29. 29. datavizcatalogue.com
  30. 30. 3. Geomaps: two cases
  31. 31. Geomaps: initial questions Audience, Medium and Purpose (e.g. Brewer, 2015) • What: • What data would you like to present? (e.g. (un)orderable, numerical) • Who: • What is the intended audience? (e.g. general vs experts) • Why: • What is the purpose? (e.g. data exploration, discovery, explanation) • On the basis of these questions, you decide on the how, e.g.: • static vs interactive map • simple vs complex functionality • see also: UX pattern checklist
  32. 32. Case 1: ResearchMapper 2009-2014 • Climate research mapping • What: projects on climate mitigation and adaptation (locations, text, multimedia) • Who: general visitors of the website kennisvoorklimaat.nl • Why: quick glimpse of conducted projects & their location; visually attractive “hub”. As end product (communication) • How: via interactive map (streamlined functionality)
 data representation: thumbnails
 map layer: satellite
  33. 33. 2.1 • Gather climate change- related projects, descriptions & media files • Google Earth editor: add placemarks / lines / shapes (try it out here) • Export as KML file → data enrichment dataset creation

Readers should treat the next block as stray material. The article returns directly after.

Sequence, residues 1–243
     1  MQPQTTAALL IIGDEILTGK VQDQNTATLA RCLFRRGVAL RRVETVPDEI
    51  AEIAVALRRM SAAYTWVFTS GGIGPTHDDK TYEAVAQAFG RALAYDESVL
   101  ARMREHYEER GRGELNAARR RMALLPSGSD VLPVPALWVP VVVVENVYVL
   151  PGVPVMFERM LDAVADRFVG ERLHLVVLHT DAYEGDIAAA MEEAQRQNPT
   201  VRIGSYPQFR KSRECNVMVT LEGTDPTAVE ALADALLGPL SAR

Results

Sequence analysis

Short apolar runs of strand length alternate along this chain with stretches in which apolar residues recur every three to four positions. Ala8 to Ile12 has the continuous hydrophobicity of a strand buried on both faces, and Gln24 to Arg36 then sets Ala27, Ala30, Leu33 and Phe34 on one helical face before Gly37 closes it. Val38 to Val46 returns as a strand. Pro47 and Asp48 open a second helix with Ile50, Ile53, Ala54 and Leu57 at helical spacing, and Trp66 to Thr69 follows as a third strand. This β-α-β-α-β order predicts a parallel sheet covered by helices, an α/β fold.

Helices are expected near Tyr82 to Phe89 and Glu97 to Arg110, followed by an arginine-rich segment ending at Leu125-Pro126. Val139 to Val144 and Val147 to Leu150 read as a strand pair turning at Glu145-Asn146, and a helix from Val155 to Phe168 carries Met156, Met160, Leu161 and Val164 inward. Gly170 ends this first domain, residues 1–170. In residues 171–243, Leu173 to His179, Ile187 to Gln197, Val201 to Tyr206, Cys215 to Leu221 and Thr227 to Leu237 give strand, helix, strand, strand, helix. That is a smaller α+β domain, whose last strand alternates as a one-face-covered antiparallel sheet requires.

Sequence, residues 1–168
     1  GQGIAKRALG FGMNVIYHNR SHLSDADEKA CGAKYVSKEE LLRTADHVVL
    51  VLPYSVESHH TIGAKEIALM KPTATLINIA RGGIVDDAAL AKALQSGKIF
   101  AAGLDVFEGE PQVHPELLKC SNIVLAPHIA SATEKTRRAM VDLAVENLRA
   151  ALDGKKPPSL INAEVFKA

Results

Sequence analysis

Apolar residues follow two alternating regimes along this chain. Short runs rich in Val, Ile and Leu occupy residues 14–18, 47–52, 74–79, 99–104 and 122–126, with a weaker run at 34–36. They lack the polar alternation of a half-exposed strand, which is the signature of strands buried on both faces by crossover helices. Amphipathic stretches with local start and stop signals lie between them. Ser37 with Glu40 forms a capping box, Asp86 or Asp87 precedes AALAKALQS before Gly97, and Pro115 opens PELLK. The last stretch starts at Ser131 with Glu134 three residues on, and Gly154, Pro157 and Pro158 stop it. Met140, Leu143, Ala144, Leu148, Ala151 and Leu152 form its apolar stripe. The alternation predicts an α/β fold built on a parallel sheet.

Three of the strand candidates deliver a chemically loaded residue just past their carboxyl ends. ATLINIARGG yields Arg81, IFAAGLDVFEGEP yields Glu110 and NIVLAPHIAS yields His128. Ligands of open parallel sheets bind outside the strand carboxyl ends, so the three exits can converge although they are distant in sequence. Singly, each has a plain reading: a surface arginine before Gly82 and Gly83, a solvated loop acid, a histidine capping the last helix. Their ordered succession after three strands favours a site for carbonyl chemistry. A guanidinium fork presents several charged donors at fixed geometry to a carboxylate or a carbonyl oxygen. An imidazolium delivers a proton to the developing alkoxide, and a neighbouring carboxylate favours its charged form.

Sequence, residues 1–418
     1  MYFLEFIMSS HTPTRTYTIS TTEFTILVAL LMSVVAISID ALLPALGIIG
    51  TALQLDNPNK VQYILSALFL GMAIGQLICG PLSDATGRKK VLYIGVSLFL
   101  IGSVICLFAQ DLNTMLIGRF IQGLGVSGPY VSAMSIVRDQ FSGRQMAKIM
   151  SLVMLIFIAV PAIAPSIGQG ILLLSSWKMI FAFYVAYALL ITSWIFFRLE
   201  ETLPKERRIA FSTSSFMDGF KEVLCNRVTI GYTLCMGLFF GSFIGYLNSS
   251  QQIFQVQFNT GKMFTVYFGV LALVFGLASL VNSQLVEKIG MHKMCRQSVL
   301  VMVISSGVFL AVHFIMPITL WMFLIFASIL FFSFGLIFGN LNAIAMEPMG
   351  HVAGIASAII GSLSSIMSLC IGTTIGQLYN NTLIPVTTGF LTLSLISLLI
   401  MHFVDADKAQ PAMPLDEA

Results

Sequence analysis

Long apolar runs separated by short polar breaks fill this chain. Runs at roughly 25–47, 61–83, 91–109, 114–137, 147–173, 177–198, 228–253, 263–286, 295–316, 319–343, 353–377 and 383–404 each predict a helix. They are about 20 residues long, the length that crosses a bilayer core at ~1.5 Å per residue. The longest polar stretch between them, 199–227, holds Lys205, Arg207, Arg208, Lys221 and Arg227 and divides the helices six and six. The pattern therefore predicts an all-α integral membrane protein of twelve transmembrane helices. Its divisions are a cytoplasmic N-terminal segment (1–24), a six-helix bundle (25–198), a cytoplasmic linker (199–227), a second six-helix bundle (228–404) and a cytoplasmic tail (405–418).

34. 34. 2.2 • Create web application integrating Google Maps 3D* API • Import KML-file • Decide on base map layer • Adapt design, text, images, videos • Testing with prospective users * now deprecated visualization
  35. 35. 2.3 Final result (2009) General audience: aiming for simplicity
  36. 36. 2.3 Final result (2009) General audience: aiming for simplicity
  37. 37. 2.3 Final result (2009) General audience: aiming for simplicity Visually attractive: 3D animations Visually attractive: photo / video materials General audience: short introductory texts “Hub”: Links to additional information
  38. 38. Case 2: “Virtual Interiors” Maps
  39. 39. Case 2: “Virtual Interiors” Maps • What: visualize research on 17th century visual artist & art dealer locations/networks (by Weixuan Li)
  40. 40. Case 2: “Virtual Interiors” Maps • What: visualize research on 17th century visual artist & art dealer locations/networks (by Weixuan Li) • Who: experts (researchers, such as art historians), but also historically interested general audiences
  41. 41. Case 2: “Virtual Interiors” Maps • What: visualize research on 17th century visual artist & art dealer locations/networks (by Weixuan Li) • Who: experts (researchers, such as art historians), but also historically interested general audiences • Why: for exploration, ongoing research & (finally) as end product